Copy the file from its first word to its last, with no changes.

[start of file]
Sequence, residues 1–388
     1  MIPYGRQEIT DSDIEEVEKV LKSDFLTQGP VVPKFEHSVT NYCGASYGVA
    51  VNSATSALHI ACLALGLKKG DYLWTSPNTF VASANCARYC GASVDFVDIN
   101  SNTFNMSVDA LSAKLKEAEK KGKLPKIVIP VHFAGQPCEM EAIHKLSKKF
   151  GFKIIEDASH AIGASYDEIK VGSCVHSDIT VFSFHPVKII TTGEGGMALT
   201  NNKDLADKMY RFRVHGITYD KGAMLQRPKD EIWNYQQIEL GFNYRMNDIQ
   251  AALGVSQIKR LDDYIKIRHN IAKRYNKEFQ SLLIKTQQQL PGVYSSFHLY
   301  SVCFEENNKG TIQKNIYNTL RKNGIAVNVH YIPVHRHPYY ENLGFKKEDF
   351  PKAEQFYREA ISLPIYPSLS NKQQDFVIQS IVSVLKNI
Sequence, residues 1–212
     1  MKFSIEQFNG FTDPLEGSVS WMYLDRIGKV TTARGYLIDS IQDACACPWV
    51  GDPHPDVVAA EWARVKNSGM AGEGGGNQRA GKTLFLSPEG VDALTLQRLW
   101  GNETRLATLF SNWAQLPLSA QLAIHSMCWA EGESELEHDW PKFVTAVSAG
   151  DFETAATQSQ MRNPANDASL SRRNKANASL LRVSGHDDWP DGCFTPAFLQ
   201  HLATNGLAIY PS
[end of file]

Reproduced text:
Sequence, residues 1–388
     1  MIPYGRQEIT DSDIEEVEKV LKSDFLTQGP VVPKFEHSVT NYCGASYGVA
    51  VNSATSALHI ACLALGLKKG DYLWTSPNTF VASANCARYC GASVDFVDIN
   101  SNTFNMSVDA LSAKLKEAEK KGKLPKIVIP VHFAGQPCEM EAIHKLSKKF
   151  GFKIIEDASH AIGASYDEIK VGSCVHSDIT VFSFHPVKII TTGEGGMALT
   201  NNKDLADKMY RFRVHGITYD KGAMLQRPKD EIWNYQQIEL GFNYRMNDIQ
   251  AALGVSQIKR LDDYIKIRHN IAKRYNKEFQ SLLIKTQQQL PGVYSSFHLY
   301  SVCFEENNKG TIQKNIYNTL RKNGIAVNVH YIPVHRHPYY ENLGFKKEDF
   351  PKAEQFYREA ISLPIYPSLS NKQQDFVIQS IVSVLKNI
Sequence, residues 1–212
     1  MKFSIEQFNG FTDPLEGSVS WMYLDRIGKV TTARGYLIDS IQDACACPWV
    51  GDPHPDVVAA EWARVKNSGM AGEGGGNQRA GKTLFLSPEG VDALTLQRLW
   101  GNETRLATLF SNWAQLPLSA QLAIHSMCWA EGESELEHDW PKFVTAVSAG
   151  DFETAATQSQ MRNPANDASL SRRNKANASL LRVSGHDDWP DGCFTPAFLQ
   201  HLATNGLAIY PS